Introduction to Bayonets of the Imperial German Colonial and Overseas Forces
The Imperial German army, navy and
colonial forces used several different models of bayonet (Seitengewehr). Usually
new models of bayonet were issued along with new models of rifle.
Bayonets were carried by most dismounted (and some mounted) troops in
colonial service up to and including the rank of Sergeant. Officers
and NCOs above the rank of Sergeant were entitled to carry
Swords but often in action carried
privately purchased bayonets instead.
Bayonets for the 1871 Rifles (including
the Gew71, JB71, Gew71/84 and Gew88)
The the old smokey powder used to fire the
Gew71 rifles and their variants left a residue inside the rifle barrel
which then needed frequent cleaning. The cleaning rod was situated
under the barrel so 1871 bayonets were side mounted with a muzzle ring. The Gew88 rifle
fired smokeless ammunition yet still retained the same side mounted
bayonets. The carbine
equivalents of the Gew71 and Gew88 rifles (the Kar71 and Kar88 respectively)
did not have bayonet mountings.
Bayonets for the 1898 Rifles and
Carbines (including the Gew98, Gew98S and Kar98AZ)
The smokeless powder used to fire the
Gew98 rifle did not tend to foul the gun barrel which meant that the 1898
bayonets could be fitted under the barrel of the rifle as access to
a cleaning rod was no longer so frequently required. (The Gew98 rifles
had only one short section of a clearing rod in each rifle. Soldiers
had to share sections between them to create a full length clearing
rod). The new
bayonets for the Gew98 and its variants fitted onto the
bayonet solely by means of a TO shaped pommel slot in the handle and had no
muzzle ring like earlier bayonets. The original Kar98 carbines did not
have bayonet mountings but the later Kar98AZ did.
It is not uncommon to see combinations of rifles and bayonets
carried by one soldier that
would not fit together. For some units, such as naval landing
uses of a bayonet fixed to the rifle were limited as opposed to the
use of the bayonet as a side arm or saw. In other cases the soldiers
are photographed with captured or temporarily issued bayonets in times of
The 1871 German bayonets (such as the S71 and Pfm71) had brass gripped
handles. Most later bayonets (such as the S71/84 and S98) had wooden
grips. The S98aA had a one piece wrap around grip, which had a
tendency to split and was therefore replaced on the S98nA with a two
piece wooden grip. Leather grips cut into a chequered
pattern were issued on some other bayonets (such as the Hf71 and
kS98). It was found that the leather rotted quickly in the damp heat
of the colonies (particularly Cameroon and East Africa) and the
leather grips were replaced, sometimes locally, with wooden grips. By 1914 some replacement grips
had also been made specifically for the colonies using a form of unvulcanised rubber known as "Kautschuk".
These are often referred to as composition grips.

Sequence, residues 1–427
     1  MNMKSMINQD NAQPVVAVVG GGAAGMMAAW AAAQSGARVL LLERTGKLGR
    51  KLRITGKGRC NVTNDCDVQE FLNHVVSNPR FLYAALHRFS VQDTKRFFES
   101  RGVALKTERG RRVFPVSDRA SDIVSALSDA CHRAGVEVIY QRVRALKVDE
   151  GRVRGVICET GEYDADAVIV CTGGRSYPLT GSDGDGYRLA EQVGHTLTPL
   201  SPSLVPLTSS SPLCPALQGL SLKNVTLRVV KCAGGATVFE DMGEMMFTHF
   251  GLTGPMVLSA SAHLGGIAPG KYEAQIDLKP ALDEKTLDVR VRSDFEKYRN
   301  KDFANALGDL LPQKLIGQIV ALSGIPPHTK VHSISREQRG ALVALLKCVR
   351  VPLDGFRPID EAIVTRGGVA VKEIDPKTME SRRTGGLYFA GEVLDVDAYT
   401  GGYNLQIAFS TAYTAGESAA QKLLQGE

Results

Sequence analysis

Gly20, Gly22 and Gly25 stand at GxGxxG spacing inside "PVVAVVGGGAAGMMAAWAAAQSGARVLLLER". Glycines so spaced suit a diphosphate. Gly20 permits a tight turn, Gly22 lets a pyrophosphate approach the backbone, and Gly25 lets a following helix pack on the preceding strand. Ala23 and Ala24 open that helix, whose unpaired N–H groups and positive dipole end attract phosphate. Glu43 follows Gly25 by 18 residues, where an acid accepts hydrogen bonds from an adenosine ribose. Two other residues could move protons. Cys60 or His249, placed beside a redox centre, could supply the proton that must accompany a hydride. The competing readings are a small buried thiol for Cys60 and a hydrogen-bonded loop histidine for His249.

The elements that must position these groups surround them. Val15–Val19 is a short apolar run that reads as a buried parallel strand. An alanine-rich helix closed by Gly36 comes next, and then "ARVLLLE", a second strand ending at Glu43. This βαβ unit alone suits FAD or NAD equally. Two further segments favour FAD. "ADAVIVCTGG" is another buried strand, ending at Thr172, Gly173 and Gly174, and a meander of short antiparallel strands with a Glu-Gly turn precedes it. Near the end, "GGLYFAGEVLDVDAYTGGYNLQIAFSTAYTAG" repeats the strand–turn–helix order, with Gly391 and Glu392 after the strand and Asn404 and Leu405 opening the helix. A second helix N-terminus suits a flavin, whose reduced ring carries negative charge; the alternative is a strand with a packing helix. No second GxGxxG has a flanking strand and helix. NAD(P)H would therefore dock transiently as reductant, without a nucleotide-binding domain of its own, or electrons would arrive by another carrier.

Collecting Kautschuk sap for rubber
making in German East Africa
Originally published in
Kolonie und Heimat, Nr.13 13 March 1910
German bayonet scabbards were originally made of black leather
with steel or brass mounts. These leather scabbards could
sometimes get bent and damaged when the bayonet was unsheathed, and in
the colonies as with leather grips they rotted easily. Steel scabbards
were common on later bayonets especially in the colonies. All kS98
bayonets were issued with steel scabbards.
Many German bayonets were issued with
saw teeth along the back edge. The sawback blade was commonly used to cut
wood. These bayonets are usually referred to with an S for "Säge"
or saw after the bayonet name, for example S89/05aAS. All kS98 and Pfm
bayonets came with sawback blades, so there was no need to
differentiate between with or without sawback, thus no S is added at
the end of their abbreviation.
During the First World War in Europe
allied propaganda suggested that the German sawback bayonets were
used for torturing their victims. Reprisals against German prisoners
captured with sawback bayonets meant they they ceased to be issued
and sawbacks were often removed from existing frontline bayonets.
Bayonet Names and their Abbreviations
Different types of German bayonets are
usually referred to by abbreviations such as S98/05nAS. The first
letter "S" stands for Seitengewehr, or bayonet. Other initials at
the beginning such as "kS", "Hf" or "Pfm" stand for specialist types of bayonet
The numbers following the first initial are the date the
bayonet was first designed and then modified, so the S98/05 was designed in
1898 and modified in 1905. The next two letters "aA" or "nA" describe
further modifications and stand for old-style and new-style ("alte
Art" and "neue Art". Notice that in German all nouns
carry capital letters while adjectives do not even when abbreviated). The final letter "S" is added to
bayonets with a sawback
blade (or "Säge"). Bayonets which came with sawback
blades as standard (such as the kS98 or Pfm71) did not need the "S"
to differentiate themselves.
So an S98/05nAS bayonet is the new
style of the bayonet designed in 1898, modified in 1905 and with a
Date, manufacture, unit and weapon number
markings are described on the Bayonet Markings Page.